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THE WORLD'S ANIMALS AND NATURE ARE ALSO AFFECTED BY THE CORONA PANDEMY

The deadly Corona pandemic has in a very short time been terribly devastating to people around the globe, and the far-reaching consequences are now also affecting the world’s nature and wildlife. In the Masai Mara Kenya, which today is one of the most beloved safari areas due to its enormous wealth of wildlife, the green gates are wide open – open and unprotected. Many years of projects to give the locals in the area better living conditions in harmony with nature, crumble between the hands.

The vulnerable nature and wildlife in the area were already under increasing pressure from climate change, deforestation and poaching, and while the vital income from tourism is dwindling, poachers get free play and locals have to use the scarce natural resources. A catastrophic development in an area that had just made great strides in recreating and protecting nature.

Up to 80% of the original tree planting in the Masai Mara has disappeared. Tree planting has primarily disappeared because the growing population in the area has cut down the trees for building materials and fuel. More than half of the remaining nature in the Masai Mara today stands unprotected and is experiencing massive pressure from agriculture and investors who want to transform the Masai Mara in Kenya into anything but the natural gem for which the reserve is world famous.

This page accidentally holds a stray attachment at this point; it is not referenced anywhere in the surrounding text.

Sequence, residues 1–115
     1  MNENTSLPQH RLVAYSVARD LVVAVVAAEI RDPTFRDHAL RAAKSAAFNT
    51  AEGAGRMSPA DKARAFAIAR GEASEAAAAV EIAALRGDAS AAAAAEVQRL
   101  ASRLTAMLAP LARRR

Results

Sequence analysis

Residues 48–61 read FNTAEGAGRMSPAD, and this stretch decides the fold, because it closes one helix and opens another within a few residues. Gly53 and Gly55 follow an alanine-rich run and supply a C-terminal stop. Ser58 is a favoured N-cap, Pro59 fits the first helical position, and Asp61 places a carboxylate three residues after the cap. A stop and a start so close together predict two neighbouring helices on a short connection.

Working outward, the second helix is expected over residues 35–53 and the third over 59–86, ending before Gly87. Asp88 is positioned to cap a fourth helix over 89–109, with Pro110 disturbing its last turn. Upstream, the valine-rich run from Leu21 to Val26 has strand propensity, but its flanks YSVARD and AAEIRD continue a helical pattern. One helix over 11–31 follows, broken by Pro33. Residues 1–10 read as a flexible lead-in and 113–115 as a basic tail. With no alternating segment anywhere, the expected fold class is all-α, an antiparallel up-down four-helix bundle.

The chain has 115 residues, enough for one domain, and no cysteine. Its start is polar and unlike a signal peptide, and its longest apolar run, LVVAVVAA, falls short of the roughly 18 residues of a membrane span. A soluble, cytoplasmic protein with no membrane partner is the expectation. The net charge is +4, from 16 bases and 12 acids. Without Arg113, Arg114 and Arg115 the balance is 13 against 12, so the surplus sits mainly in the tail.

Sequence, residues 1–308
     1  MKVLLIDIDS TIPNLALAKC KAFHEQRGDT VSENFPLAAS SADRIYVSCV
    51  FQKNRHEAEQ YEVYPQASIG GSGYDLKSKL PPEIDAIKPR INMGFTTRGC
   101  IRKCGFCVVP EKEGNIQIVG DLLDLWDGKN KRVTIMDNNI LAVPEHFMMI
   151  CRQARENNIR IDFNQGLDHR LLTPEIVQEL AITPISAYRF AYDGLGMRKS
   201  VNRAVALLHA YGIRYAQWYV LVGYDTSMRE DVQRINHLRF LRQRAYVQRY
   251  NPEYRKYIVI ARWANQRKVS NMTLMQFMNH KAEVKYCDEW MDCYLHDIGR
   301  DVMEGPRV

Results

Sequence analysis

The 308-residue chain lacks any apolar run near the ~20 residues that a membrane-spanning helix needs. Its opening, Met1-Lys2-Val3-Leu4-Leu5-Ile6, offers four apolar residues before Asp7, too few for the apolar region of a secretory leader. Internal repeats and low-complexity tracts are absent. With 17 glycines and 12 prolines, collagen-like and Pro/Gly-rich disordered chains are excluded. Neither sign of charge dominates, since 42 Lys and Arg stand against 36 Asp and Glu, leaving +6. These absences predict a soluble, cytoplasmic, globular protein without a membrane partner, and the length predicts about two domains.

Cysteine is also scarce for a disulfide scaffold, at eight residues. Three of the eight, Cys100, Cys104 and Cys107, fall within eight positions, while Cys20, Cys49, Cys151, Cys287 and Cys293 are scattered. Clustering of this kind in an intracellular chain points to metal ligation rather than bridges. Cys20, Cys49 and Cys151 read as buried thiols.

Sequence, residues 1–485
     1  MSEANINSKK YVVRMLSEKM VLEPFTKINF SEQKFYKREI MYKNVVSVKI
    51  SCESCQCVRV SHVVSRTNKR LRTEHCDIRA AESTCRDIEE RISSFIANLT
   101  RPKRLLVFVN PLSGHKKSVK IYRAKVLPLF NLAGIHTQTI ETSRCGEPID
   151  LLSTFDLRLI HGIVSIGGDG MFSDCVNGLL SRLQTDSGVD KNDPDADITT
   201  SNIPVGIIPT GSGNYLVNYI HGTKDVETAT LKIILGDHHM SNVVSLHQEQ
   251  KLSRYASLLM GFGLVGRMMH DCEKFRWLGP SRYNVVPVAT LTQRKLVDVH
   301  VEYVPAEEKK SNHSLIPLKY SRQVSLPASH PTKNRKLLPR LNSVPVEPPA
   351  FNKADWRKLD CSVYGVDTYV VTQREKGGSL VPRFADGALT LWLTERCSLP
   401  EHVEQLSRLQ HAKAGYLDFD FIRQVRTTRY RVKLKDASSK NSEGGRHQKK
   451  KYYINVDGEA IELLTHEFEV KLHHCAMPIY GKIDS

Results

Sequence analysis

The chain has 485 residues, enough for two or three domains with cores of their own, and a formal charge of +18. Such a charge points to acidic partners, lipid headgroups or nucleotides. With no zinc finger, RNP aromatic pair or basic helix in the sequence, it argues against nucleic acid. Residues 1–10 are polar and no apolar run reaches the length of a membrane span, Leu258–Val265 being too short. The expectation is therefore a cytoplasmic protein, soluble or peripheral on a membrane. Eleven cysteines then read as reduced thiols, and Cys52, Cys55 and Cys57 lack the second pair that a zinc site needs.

The situation has now been further aggravated by the Corona pandemic, so director Jesper Stagegaard, who heads the Karen Blixen Camp Trust, sends out a clear cry of hope in the hope that the Danes will be released to the area.

EVERY TREE MAKES A DIFFERENCE!


Gate To Nature will, over the autumn and winter, together with Alex Høgh Andersen and Malte Ebert, make an extraordinary effort to help nature and wildlife in the Masai Mara, Kenya.

We can make a huge effort by replanting trees!

We need 1 million trees.

GIVE THE ANIMALS A HIDDEN PLACE

The extensive deforestation in the Masai Mara is causing problems for many of the area’s animals.

The animals in the area feed on ia the leaves on the trees during the periods of the year when there is not so much food.

The extensive deforestation, at the same time, makes the wildlife more vulnerable to poaching, and eg the area’s lionesses need hiding places to feed and store their young, so they are well protected from buffaloes, other lions and hyenas when they come into the world .

Therefore, it is important that the planting and vegetation that was previously a natural part of the Masai Mara is recreated.

How To Plant Trees VI

The new trees will be planted as seedballs, ie. seeds from naturally occurring trees in the area, which with elephant manure are made into small balls, which are spread in the area. 90% of the seedballs we sow in the area turn into trees that are 1.5 – 2 meters high in 3 – 5 years. It works and will make a big difference.

MASAI JEWELRY CHANGING LIVES

One of the projects in the Karen Blixen Camp Trust that has been affected is the pearl project “the Beading Project”. The purpose is to ensure the independence of the local Masai women, but the absence of visitors means that the income is lacking.

32 women from the nearby local village of Mararianda, meet every weekday to make jewelry at Karen Blixen Camp. All the jewelry is sold in Karen Blixen Camp and Ree Park Safari, and in full accordance with the fair trade principles, the women keep 70% of the sale price, while the remaining 30% goes to nature conservation in the Masai Mara.

For the women, this means that they help to preserve their nature and at the same time get an income that enables them to pay for their children’s education and basic needs such as food and clothing and medicine.

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